Although this report confirms some truths we might already strongly suspect — liberals and conservatives “inhabit different worlds” when it comes to their trusted news sources — we are also reminded that “it is virtually impossible to live in an ideological bubble” and there remain points of intersection. For example, only half of consistent conservatives say they distrust The New York Times, and among every ideological group The Wall Street Journal is more trusted than distrusted. The report also provides a good reminder that despite all of the attention to social media and news, only 39 percent of Americans say they get any political news from Facebook, and further: “Just 14% say they got political news in the past week from YouTube, 9% from Twitter, 6% from Google Plus and 3% from LinkedIn.” There is a mountain of other fascinating data on everything from users who defriend or block others on their Facebook feeds to details on how people of different political persuasions see all of the major news sources in the country.
The study reviews some 5,700 tweets by 430 journalists during the first 2012 presidential debate. Mourão looks at the formation of “interpretive communities” — with concepts like pack journalism, groupthink, and narrative/storyline traps all haunting this zone where “the media” collectively begins shaping perceived reality. The study notes: “Overall, journalists on Twitter focused on candidates’ appearance and body language, gaffes, and the political strategy employed by the parties. Even the candidates’ choice of ties was used as a metaphor to criticize partisan politics.” Further, Mourão writes, “Evidence shows that Twitter provides an instant mechanism for journalists to engage in traditional norms of campaign coverage, including a focus on strategy, spectacle, the horse race, and candidate characteristics.” Still, the study holds out hope and notes advantages over the previous, offline “boys-on-the-bus” narrative-shaping: “Transparency about how meaning is made and the possibility of public participation in narrative building are some of the key advantages of Twitter in political communication.”
The “Dark Web Social Network” (DWSN) — or the “Internet that cannot be accessed by mainstream software” — is a fascinating and little understood place, one that is typically only known through news reporting on its illicit side, i.e., the “conception of the dark web as entirely composed of illegal or taboo activities and in need of policing.” Gehl notes that “popular media coverage of the dark Web is redolent of moral panics that have been associated with Internet culture over the past 35 years, such as the panic about computer hackers and phone phreaks in 1980s.” Part of the job, then, is demystifying it. First, it is only accessible through browsers employing The Onion Router (Tor). In its basic architecture, the DWSN is a social-networking site: “It allows for individual accounts, with customizable member pages, connections through ‘friending,’ social praise in the form of ‘liking,’ and a Twitter-like micro-blogging system, among other features.” The system administrators work hard to ban child pornography — “no easy task” — and Gehl quotes one such admin as saying it is “the true black sheep of the dark/deep communities.” The community there thrives on “techno elitism,” though its cultural “practices — of being ‘in the know’ and English-only policies — can be extremely exclusive and thus undermine the claims to ‘freedom’ that permeate the site.” More rules and customs from the “clear Web” are being imported, Gehl notes, meaning that the DWSN is “not a free-for-all, but neither is it a space where everything is controlled and thus happy (as Facebook seemingly wants to be).”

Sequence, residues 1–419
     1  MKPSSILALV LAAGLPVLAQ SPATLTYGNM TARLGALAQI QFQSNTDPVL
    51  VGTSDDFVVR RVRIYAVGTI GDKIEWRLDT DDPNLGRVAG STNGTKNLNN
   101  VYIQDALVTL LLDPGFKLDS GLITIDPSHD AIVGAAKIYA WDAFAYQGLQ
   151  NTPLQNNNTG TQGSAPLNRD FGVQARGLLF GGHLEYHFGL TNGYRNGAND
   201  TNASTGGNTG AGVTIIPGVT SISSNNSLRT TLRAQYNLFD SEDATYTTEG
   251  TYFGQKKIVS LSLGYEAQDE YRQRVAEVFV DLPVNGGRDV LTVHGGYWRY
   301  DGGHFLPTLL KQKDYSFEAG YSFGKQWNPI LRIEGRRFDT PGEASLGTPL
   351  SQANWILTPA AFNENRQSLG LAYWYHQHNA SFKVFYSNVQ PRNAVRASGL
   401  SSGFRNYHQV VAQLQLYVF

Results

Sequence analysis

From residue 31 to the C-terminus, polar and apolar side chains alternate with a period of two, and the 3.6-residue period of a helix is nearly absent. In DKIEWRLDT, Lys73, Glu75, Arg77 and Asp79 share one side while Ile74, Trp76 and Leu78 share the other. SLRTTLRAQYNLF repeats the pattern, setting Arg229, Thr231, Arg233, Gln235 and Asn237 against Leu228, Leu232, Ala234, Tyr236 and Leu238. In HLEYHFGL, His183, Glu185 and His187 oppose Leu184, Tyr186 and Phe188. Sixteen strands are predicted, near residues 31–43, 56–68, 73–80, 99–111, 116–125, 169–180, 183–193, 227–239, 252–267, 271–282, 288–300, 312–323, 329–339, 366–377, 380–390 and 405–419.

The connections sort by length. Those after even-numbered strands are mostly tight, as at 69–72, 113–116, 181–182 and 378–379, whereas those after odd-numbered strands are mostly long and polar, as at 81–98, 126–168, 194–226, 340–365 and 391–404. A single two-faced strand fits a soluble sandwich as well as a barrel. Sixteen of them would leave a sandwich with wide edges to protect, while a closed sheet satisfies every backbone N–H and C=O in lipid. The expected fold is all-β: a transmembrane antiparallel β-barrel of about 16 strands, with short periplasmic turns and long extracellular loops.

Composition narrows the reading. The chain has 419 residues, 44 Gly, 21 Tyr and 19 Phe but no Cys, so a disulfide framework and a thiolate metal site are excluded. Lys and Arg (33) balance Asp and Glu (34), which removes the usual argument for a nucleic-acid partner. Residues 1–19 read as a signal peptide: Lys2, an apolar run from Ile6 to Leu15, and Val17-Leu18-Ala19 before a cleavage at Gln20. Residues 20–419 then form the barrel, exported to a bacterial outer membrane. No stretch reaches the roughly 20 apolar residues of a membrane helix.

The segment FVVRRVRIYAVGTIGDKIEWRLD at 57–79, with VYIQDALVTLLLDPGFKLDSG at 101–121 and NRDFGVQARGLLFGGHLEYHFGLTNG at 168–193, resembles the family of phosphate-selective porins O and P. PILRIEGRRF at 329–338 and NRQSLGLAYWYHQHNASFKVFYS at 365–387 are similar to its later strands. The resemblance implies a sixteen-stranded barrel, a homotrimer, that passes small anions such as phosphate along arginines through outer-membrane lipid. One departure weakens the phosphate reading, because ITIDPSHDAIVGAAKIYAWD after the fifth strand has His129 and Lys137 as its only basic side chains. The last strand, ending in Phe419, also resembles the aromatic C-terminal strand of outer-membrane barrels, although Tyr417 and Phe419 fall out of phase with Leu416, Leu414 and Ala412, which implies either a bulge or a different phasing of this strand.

The study looks at usage patterns around BitTorrent — a peer-to-peer file-sharing protocol that at times can constitute more than a quarter of all Internet traffic, as movies and music files zip around the globe. The researchers look at anonymized data from 1.4 million users from 2009 to late 2013 (users intentionally employed a plugin that allowed their data to be shared for research). The research is relevant to the ongoing battles with creative industries over copyright infringement and protection in the wake of the SOPA/PIPA legislation fight.
Relevant insights include: (1) The “opportunity to download does not in itself seem to lead to an increase in the amount of P2P exchanges. Specifically, HD movies and TV shows are not exchanged as much as one would expect in the United States and other wealthy countries, places where good internet infrastructure would allow for fast downloads of these content types. In contrast, in countries where streaming is not widely available because of poor infrastructure or their cost being out of reach for large portions of the population, we see high levels of P2P exchange of movies and TV shows, despite the exchange relying on poorer Internet infrastructure”; and (2) “copyright laws have unequal impacts on inhibiting P2P exchange. Indeed, even though copyright law enforcement is stronger in the United States and other wealthy countries than in most other countries in the world, one finds a great deal more P2P exchanges of music and small files in wealthy countries than in poorer countries.”
Nieman Lab has already covered this study and its implications, but for the purposes of the roundup here, it’s worth highlighting again to underscore a basic point: Despite all of the worries about “filter bubbles,” we are still just beginning to understand how this new information ecosystem works. The study shows why some of those fears may be overstated.
Keywords: technology, Twitter, Facebook, dark Web, filter bubbles, advertising